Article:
شبحی در اپرا: امکانات فرهنگی، سرمایه انسانی و رشد اقتصادی منطقه
|کد مقاله||سال انتشار||مقاله انگلیسی||ترجمه فارسی||تعداد کلمات|
|18781||2011||12 صفحه PDF||سفارش دهید||10456 کلمه|
Publisher : Elsevier - Science Direct (الزویر - ساینس دایرکت)
Journal : Labour Economics, Volume 18, Issue 6, December 2011, Pages 755–766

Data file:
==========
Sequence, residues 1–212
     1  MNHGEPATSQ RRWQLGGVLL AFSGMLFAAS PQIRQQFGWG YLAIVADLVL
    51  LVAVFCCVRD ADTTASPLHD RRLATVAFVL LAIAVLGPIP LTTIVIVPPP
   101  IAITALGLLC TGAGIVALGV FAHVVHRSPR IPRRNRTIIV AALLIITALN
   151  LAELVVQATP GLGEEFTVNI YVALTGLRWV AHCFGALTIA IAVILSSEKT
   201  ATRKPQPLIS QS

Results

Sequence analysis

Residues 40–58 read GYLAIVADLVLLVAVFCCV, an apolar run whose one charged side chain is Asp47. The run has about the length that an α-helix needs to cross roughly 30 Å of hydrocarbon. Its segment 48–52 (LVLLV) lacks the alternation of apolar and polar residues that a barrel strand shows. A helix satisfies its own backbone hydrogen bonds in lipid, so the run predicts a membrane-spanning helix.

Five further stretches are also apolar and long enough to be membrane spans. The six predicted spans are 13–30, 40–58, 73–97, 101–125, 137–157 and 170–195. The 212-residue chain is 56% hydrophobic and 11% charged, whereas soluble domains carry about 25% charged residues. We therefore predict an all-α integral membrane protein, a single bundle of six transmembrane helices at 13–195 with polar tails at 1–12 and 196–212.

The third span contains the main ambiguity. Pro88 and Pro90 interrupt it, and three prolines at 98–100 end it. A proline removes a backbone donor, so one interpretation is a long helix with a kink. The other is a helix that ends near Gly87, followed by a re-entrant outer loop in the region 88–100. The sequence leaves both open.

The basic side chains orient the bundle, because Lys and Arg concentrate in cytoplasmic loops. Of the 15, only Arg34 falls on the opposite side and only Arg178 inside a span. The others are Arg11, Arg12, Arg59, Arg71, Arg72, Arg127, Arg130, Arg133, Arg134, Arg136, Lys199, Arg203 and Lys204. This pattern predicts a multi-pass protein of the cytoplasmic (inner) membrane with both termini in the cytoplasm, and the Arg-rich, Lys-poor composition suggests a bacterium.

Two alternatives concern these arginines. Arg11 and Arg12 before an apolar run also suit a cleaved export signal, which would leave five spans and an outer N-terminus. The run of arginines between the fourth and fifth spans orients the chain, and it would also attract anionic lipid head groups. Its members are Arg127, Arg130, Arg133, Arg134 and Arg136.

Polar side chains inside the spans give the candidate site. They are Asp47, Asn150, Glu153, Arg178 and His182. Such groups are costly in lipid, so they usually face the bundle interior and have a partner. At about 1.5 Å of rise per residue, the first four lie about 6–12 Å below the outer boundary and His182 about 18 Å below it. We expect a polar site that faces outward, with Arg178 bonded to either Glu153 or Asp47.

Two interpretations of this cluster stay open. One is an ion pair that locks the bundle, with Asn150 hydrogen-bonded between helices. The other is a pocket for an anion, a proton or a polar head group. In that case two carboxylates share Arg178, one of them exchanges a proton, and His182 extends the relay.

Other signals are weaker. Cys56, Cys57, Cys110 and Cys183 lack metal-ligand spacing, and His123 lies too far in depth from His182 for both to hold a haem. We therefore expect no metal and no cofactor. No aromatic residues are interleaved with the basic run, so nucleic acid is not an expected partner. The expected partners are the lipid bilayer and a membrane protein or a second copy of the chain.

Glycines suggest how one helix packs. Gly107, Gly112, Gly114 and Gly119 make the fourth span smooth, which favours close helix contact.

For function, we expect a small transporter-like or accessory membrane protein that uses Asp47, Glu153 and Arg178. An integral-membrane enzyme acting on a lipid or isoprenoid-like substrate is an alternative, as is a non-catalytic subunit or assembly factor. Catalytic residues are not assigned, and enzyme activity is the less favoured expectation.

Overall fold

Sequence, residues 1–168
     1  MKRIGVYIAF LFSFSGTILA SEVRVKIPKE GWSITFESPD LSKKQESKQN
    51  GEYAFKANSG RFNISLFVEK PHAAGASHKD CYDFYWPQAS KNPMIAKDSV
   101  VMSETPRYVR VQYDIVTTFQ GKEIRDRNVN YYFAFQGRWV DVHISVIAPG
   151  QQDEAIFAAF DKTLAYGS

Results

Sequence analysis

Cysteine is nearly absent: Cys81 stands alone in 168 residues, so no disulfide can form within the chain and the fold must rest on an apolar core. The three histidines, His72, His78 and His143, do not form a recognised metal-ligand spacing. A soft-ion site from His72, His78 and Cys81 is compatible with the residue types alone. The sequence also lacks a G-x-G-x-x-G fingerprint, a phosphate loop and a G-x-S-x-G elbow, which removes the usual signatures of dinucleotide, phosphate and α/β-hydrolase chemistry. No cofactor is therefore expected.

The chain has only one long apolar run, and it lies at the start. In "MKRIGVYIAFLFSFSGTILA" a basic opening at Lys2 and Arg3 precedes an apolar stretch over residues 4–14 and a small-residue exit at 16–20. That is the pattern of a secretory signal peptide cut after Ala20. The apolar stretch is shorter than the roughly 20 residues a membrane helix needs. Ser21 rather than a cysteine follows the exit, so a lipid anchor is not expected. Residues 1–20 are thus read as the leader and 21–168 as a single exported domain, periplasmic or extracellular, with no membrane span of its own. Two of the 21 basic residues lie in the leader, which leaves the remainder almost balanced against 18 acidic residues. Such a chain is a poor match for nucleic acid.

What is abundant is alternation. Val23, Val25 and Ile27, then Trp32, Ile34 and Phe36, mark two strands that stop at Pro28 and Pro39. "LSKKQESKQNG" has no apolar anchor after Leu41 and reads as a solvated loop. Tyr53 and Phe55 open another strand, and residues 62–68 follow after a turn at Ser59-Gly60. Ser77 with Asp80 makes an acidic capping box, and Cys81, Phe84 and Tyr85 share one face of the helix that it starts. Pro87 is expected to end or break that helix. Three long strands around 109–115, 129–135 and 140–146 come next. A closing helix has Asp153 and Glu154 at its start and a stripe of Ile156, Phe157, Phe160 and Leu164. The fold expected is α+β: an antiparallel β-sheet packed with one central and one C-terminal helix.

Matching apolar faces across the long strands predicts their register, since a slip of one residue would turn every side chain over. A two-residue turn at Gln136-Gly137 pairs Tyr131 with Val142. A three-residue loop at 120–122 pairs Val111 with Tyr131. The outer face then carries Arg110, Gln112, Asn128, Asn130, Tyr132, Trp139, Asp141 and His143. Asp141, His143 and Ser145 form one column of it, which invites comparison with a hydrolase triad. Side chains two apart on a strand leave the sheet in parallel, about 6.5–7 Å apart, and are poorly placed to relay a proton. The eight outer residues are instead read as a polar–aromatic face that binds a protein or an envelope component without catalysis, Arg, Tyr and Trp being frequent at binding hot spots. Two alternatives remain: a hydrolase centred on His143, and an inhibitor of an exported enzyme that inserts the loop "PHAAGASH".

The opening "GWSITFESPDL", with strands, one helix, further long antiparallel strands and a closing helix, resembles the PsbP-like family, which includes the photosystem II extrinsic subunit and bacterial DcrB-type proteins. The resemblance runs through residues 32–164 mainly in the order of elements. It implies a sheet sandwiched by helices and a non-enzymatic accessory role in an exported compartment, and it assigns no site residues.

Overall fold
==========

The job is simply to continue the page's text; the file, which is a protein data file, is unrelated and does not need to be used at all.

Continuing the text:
We analyze the extent to which endogenous cultural amenities affect the spatial equilibrium share of high-human-capital employees. To overcome endogeneity, we draw on a quasi-natural experiment in German history and exploit the exogenous spatial distribution of baroque opera houses built as a part of rulers' competition for prestigious cultural sights. Robustness tests confirm our strategy and strengthen the finding that proximity to a baroque opera house significantly affects the spatial equilibrium share of high-human-capital employees. A cross-region growth regression shows that these employees induce local knowledge spillovers and shift a location to a higher growth path.